In a flurry of memoirs from health professionals, I was intrigued to hear from an NHS health visitor in a sea awash with the experiences of nurses and junior doctors. This was an easily digestible read about the authors forty year career working as a nurse, midwife and health visitor in the NHS. She describes her deprived childhood and how she navigates her way through training and living in the city. Later, she goes on to discuss her marriage and own foray into motherhood. I enjoyed reading abo In a flurry of memoirs from health professionals, I was intrigued to hear from an NHS health visitor in a sea awash with the experiences of nurses and junior doctors. This was an easily digestible read about the authors forty year career working as a nurse, midwife and health visitor in the NHS. She describes her deprived childhood and how she navigates her way through training and living in the city. Later, she goes on to discuss her marriage and own foray into motherhood. I enjoyed reading about the authors past and how different things were for the service many years ago. The writing is not always politically correct, as some other reviewers have noted. Additionally, stories from the frontline feel few and far between as the bulk of the book is made up of her life outside of work. One thing I found quite odd was her descriptions of living almost in poverty herself, not having any fuel for the car or food in the cupboards, yet her two children were privately educated. There is a time when the author describes visiting a local state school in a professional capacity for just one day and immediately dismissing the idea of her own kids attending. Call me cynical, but I don’t fully understand that. As a parent myself, I appreciate wanting to have the best for your kids, but the way the author describes this issue left me wondering if perhaps her decisions were a little misguided. Finally, the book also only briefly touched on issues like SIDS and there was no tangible information on things like safe sleep for babies (although the author does often state that she spoke to the parents about it, the topic is never fully discussed). I would have liked to have seen perhaps an entire chapter on the very real and very important issues of postnatal depression, anxiety and even postnatal psychosis. A worthwhile read if you have ever been intrigued by the role of the health visitor, and would like to know about what goes on behind the scenes. However, don’t anticipate dozens of client stories because these are increasingly few and far between.

  5. 5 out of 5

    Nicola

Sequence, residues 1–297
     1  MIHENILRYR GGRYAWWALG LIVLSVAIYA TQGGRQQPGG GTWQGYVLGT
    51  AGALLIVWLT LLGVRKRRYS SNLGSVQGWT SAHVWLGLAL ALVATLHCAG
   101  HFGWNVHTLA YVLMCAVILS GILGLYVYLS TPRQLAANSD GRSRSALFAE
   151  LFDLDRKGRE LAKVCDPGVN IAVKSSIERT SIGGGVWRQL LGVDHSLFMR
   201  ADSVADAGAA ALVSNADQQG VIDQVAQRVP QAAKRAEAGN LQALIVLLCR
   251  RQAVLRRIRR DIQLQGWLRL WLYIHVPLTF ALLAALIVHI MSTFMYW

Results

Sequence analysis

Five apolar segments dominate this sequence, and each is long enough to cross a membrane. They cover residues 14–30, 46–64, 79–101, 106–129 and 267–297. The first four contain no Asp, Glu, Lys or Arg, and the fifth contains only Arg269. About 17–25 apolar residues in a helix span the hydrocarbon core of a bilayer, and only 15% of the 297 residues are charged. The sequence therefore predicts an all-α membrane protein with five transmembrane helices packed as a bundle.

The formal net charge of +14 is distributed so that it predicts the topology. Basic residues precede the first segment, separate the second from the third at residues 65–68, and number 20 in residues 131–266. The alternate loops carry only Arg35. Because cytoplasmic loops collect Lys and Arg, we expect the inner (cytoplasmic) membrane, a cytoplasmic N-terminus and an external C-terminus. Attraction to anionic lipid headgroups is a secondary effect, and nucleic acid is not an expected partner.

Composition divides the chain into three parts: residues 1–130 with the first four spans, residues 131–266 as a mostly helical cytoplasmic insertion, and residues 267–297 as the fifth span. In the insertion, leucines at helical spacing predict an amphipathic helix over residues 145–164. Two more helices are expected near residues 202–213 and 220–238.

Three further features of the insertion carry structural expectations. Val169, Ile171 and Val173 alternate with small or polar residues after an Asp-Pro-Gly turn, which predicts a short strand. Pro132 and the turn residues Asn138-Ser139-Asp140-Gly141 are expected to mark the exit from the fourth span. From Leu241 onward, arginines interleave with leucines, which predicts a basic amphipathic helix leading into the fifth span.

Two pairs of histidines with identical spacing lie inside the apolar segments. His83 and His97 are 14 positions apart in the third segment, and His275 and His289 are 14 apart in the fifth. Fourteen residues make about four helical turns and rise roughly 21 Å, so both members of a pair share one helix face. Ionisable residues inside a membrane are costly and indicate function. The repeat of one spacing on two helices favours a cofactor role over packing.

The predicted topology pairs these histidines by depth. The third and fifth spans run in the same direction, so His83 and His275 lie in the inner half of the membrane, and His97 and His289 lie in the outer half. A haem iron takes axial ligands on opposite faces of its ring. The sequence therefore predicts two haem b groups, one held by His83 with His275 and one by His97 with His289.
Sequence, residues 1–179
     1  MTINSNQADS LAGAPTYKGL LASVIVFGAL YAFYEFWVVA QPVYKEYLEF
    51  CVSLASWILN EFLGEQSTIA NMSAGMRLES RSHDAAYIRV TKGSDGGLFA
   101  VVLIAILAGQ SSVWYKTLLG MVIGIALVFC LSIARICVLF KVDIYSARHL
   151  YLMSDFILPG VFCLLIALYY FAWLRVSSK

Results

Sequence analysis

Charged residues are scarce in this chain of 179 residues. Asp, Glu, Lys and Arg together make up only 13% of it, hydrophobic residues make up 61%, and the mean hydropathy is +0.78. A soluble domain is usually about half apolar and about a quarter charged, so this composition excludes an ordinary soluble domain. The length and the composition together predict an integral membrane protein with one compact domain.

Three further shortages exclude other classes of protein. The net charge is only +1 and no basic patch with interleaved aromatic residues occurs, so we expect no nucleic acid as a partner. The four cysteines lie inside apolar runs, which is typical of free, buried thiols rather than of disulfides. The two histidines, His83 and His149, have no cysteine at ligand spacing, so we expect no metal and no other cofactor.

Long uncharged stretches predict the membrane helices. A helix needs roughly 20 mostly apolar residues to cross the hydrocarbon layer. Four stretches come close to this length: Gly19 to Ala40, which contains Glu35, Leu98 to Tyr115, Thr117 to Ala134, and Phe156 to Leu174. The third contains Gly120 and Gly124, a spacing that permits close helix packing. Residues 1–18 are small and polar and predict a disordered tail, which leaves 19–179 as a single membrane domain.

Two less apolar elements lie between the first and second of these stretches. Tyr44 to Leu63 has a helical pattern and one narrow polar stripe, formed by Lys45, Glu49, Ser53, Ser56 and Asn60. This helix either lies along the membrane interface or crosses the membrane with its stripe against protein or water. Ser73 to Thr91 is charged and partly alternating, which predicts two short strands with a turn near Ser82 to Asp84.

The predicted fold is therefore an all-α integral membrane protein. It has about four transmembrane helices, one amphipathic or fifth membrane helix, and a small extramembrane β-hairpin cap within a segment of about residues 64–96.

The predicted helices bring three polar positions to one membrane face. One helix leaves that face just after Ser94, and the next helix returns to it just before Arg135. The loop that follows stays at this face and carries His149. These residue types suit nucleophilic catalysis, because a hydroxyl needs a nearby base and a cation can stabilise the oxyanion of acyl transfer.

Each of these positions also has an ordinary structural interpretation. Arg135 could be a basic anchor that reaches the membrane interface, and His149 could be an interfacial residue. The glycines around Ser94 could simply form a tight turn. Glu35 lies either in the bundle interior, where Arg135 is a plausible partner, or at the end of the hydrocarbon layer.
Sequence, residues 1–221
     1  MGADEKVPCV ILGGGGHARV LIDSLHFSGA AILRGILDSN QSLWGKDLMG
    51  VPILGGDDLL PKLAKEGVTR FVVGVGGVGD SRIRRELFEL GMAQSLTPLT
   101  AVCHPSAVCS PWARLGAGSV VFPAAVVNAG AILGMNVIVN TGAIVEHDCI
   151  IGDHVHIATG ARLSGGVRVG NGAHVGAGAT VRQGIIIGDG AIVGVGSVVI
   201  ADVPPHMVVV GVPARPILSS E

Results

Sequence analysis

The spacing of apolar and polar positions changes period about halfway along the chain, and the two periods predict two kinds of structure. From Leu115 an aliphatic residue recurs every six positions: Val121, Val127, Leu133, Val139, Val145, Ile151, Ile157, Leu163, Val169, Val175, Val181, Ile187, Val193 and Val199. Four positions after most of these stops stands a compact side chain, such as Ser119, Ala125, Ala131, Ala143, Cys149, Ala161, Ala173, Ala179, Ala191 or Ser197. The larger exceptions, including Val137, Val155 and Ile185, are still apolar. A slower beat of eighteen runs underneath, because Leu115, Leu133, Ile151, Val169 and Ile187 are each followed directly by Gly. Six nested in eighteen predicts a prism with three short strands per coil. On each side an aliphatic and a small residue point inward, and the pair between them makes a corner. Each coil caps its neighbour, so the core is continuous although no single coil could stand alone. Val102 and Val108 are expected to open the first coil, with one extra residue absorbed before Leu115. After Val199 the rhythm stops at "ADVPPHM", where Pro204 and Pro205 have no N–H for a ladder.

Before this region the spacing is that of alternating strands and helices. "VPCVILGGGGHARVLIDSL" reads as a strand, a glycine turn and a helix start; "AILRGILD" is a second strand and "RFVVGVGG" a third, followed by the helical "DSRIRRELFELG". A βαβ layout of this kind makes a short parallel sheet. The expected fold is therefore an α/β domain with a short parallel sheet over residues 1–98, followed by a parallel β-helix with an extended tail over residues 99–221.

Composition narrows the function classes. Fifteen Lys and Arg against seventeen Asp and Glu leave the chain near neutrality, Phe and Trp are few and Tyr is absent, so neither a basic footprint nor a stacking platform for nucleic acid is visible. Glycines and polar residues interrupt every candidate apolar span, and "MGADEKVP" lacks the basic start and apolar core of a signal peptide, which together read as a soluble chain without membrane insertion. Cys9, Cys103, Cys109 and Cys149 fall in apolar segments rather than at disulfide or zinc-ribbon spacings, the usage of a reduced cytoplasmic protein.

Handle With Care: True confessions of an NHS Health Visitor - brilliantly and delicately written on what can be difficult topics to cover; poverty, abuse, drug and alcohol use with newborns and young children and the health visitors unique view and look in into these difficult and often hard to address situations. There was a perfect balance between the authors own life and reminiscing of her life’s memories and her encounters as a midwife, health visitor and other forays into similar fields and Handle With Care: True confessions of an NHS Health Visitor - brilliantly and delicately written on what can be difficult topics to cover; poverty, abuse, drug and alcohol use with newborns and young children and the health visitors unique view and look in into these difficult and often hard to address situations. There was a perfect balance between the authors own life and reminiscing of her life’s memories and her encounters as a midwife, health visitor and other forays into similar fields and I have to say, my respect for these careers has sky rocketed. Not only battling against the situations at hand but also the system, often encountering brick walls of frustration in terms of securing houses to the vulnerable, access to food vouchers and helping aid charities which are often overwhelmed with services used to the max. Rachael’s good humour and light way of communicating what can be seen as harrowing stories makes this an entertaining but also eye opening read. It was great to read about her career, her life and her encounters. From her early life, childhood, student life to work life, she is so honestly candid and in the future, if I ever needed a visit from health visitors, I sincerely hope I’d get someone like her. And she also comes across as hilariously funny and I love reading about some of the nursing of old where rules and regulations were perhaps a little less stringent! Seeing the direction the NHS is heading, with cut backs and extra stressors in already stretched staff, I wholeheartedly hope that conditions and help to staff will be improved in the near future and will not suffer more. I really tip my hat off to all in the profession. They really are heroes! All in all, a fantastic book that I would thoroughly recommend !